- East Africa
Addis Ababa: Southern Sudan expresses misgivings about the North
According to Aerop Akul the lack of probity and accountability threatens their agreement
In 2005 a Comprehensive Peace Agreement (CPA) was signed between the Southern Sudan Liberation Army (SPLA) and the Republic of Sudan. The CPA was aimed at giving a large degree of autonomy to Southern Sudan and bringing a 22 year-old war to an end. The CPA also included a deal to give the southern territory 50 per cent of its oil revenues. Southern Sudan has recently expressed its misgivings over the oil agreement.
In a recent interview with The Reporter, an Ethiopian newspaper, Aerop Akul mission head in Addis Ababa of Regional Co-operation Ministry of the Government of Southern Sudan said the CPA has provided hope for the people of Southern Sudan. According to him, this is the first time Southern Sudanese have their own government to enable them express their feelings. It has also contributed to the massive return of residents displaced during the long wars.
Southern Sudan, like Ethiopia— east of its border,— is a predominantly Christian region. Northern Sudan is predominantly Arab and Muslim. Referred to as the second Sudanese civil war, the 22 year-old war (1983-2005) preceded a first Sudanese war (1955-1972), which also lasted almost two decades. The Southern region is known to produce over 80 per cent of all Sudanese oil, which contributes to about 70 per cent of the totality of Sudanese exports.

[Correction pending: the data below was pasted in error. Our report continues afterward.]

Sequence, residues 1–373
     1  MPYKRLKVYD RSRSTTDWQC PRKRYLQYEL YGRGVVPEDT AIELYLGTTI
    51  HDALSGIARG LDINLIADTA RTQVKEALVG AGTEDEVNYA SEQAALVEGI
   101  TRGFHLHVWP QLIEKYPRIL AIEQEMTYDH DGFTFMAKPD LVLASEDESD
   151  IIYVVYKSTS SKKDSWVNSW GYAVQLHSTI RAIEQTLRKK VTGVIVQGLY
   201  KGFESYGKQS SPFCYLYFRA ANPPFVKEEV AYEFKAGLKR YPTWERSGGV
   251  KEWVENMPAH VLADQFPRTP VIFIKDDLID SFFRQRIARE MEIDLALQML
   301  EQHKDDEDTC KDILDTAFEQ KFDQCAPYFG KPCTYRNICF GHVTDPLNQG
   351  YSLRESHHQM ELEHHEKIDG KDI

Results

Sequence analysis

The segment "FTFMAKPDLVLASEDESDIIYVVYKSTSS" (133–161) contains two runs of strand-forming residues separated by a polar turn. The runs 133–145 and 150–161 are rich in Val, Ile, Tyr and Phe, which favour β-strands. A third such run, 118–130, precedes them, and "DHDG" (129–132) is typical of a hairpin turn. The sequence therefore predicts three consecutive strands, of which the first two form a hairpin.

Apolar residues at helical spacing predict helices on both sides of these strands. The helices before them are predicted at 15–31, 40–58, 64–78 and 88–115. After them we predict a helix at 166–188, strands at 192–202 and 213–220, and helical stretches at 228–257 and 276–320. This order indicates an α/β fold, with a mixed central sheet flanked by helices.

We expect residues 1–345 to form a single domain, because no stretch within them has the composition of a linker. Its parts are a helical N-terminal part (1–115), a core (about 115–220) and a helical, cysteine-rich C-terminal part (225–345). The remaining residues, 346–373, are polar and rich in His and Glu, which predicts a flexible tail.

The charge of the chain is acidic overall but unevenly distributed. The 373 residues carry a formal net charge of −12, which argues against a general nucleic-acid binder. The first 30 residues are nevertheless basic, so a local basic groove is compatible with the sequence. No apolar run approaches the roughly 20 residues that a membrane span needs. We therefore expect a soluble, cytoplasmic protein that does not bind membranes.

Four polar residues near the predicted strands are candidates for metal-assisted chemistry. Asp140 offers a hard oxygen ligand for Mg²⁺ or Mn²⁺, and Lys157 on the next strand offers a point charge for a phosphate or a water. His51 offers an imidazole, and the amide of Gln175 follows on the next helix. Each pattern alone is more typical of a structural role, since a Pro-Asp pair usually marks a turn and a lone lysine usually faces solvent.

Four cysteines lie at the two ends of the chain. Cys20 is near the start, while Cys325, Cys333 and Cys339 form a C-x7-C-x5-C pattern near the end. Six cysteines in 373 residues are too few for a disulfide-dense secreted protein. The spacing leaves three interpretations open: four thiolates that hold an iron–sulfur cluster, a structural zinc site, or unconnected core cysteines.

Though the two sides (North and South) agreed under the CPA to equally share resources from Southern Sudan, the lack of probity and accountability has led his government to doubt the clause pertaining to the agreement to share. “It is hard to know exactly how much has been exported from Southern Sudan. We just receive what the government of National Unity delivers as a 50 percent share. But 50 percent of what? We don’t know” Aerop said.
The Southern Sudan Administration argues that statistics from net productions have prompted them to doubt the veracity of a 50 percent share. Mr. Aerop Akul further indicated that their doubts are also strengthened by the fact that the National Petroleum Commission has been virtually paralyzed by the government of National Unity. During the oil price hikes Southern Sudan got as much as US$147 million per month. However, after price drop, Southern Sudan claims that it gets no more than a US$30 million monthly allocation from government of National Unity.
Under the CPA, both sides had agreed to eventually unite, however, this appears an impossibility given that a referendum scheduled to take place in 2011 will give southerners a rare opportunity to vote for full independence. According to estimates, over 90 per cent of the Southern Sudan populations want a complete break from their northern counterparts.
The conflict between Southern Sudan Liberation Army (SPLA) and the republic of Sudan (Northern Sudan) was Africa’s longest running civil war. More than 2 million people have died and over than 4 million have been internally displaced or become refugees as a result of the war.
The South and North divide has often been defined as a religious (Islam and Christianity) conflict. According to Southern Sudan it is simply a question of basic human rights, not religious.